A station of the Israelites, about five days' journey from mount Sinai,
fenced enclosures consisting of "a low wall of stones in which thick bundles of thorny acacia are inserted, the tangled branches and long needle-like spikes forming a perfectly impenetrable hedge around the encampment" of tents and cattle which they sheltered. Such like enclosures abound in the wilderness of Paran, which the Israelites entered after leaving Sinai (Nu 11:35; 12:16; 33:17-18). This third encampment of the Israelites has been identified with the modern 'Ain el-Hudhera, some 40 miles north-east of Sinai. Here Miriam (q.v.), being displeased that Moses had married a Cushite wife (Nu 12:1), induced Aaron to join with her in rebelling against Moses. God vindicated the authority of his "servant Moses," and Miriam was smitten with leprosy. Moses interceded for her, and she was healed (Nu 12:4-16). From this encampment the Israelites marched northward across the plateau of et-Tih, and at length reached KADESH.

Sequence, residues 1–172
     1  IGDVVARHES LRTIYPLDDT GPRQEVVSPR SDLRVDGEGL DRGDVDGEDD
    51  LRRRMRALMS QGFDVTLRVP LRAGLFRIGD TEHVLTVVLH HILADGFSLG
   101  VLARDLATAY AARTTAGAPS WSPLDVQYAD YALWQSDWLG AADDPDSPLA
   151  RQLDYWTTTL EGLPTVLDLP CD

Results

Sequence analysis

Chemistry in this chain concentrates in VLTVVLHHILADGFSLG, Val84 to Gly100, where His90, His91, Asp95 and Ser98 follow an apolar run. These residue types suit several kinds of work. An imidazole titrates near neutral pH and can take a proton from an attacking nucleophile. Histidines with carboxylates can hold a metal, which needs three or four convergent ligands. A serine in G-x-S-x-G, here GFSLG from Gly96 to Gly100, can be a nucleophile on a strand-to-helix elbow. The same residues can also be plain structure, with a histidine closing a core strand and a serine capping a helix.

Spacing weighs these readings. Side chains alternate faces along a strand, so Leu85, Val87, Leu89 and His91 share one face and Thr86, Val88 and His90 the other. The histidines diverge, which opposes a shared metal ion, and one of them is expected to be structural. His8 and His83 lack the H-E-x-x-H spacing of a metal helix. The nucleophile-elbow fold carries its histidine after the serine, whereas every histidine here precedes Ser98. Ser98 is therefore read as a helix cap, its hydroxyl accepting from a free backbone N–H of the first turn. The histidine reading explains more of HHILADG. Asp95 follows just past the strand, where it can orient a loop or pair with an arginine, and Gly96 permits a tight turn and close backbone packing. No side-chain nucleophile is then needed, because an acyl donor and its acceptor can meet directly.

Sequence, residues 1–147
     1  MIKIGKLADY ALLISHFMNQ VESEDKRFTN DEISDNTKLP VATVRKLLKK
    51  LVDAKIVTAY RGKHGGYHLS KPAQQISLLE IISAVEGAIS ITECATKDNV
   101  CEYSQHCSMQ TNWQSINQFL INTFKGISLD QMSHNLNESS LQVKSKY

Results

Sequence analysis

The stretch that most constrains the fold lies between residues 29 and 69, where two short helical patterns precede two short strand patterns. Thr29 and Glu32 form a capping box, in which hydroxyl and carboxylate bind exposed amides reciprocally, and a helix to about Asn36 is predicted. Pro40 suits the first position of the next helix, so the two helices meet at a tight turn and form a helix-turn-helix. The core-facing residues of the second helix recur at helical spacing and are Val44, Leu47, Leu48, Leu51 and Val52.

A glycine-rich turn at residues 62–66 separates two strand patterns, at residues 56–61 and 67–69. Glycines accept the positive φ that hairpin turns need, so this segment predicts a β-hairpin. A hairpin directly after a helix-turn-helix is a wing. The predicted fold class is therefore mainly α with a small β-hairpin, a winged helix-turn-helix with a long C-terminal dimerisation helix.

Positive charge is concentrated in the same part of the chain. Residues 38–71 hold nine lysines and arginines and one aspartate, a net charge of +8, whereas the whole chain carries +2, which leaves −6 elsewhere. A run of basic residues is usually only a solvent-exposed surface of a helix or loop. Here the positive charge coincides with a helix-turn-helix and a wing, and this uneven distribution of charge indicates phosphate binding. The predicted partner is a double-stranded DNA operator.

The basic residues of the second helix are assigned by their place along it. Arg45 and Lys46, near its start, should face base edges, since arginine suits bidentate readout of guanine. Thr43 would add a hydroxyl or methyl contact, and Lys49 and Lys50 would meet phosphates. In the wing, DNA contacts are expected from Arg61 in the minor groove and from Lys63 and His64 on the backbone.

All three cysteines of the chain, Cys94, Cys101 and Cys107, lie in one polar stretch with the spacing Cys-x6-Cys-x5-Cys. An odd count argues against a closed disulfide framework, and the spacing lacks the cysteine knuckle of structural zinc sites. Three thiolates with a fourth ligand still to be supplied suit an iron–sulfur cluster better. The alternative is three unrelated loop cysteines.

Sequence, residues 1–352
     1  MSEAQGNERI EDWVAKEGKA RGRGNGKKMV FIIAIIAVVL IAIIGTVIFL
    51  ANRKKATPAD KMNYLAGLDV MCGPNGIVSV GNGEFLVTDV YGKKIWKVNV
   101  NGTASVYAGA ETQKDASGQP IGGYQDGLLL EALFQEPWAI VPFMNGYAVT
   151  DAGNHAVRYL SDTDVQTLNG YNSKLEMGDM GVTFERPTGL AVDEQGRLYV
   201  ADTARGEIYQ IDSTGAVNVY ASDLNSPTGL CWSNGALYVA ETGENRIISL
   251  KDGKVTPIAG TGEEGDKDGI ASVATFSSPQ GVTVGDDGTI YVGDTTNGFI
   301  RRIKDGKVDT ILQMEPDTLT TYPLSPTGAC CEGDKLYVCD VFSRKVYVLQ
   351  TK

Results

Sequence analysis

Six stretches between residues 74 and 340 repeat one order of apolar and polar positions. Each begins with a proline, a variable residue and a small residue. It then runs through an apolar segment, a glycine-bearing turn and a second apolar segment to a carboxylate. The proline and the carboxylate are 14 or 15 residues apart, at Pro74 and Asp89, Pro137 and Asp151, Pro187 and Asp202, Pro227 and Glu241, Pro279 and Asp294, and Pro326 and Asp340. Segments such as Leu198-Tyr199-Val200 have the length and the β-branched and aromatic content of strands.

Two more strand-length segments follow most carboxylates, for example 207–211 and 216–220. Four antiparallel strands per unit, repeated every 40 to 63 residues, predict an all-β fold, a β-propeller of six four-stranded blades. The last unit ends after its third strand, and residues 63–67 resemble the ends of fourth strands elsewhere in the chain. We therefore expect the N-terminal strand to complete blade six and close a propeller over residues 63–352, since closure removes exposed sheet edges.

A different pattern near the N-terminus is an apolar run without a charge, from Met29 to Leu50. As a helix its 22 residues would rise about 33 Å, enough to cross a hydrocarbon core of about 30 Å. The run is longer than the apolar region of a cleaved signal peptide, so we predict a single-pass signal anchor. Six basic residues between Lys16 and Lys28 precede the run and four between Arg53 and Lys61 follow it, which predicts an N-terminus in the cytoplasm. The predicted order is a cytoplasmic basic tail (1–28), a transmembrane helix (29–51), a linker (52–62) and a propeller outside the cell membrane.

The stage after Kibroth Hattaavah in Israel's wanderings (Nu 11:35; 12:16; 33:17; De 1:1). Now El Ain, famed for its spring, on Israel's probable route (which Ain el Hudherah is not) by the wady es Zulukah. But Clark identifies Hazeroth with Bir eth Themed, many miles further on the march northwards. Several valleys converge round El Ain, which with other springs make this region the oasis of the E. of the peninsula.
A camping-ground of Israel, the second station northward in the journey from Sinai (Nu 11:35; 12:16; 33:17 f., and probably De 1:1). It is usually identified with the beautiful wady of 'Ain el-Khadrah, about 30 mlies north-east of Jebel Musa.
J. F. M'Curdy.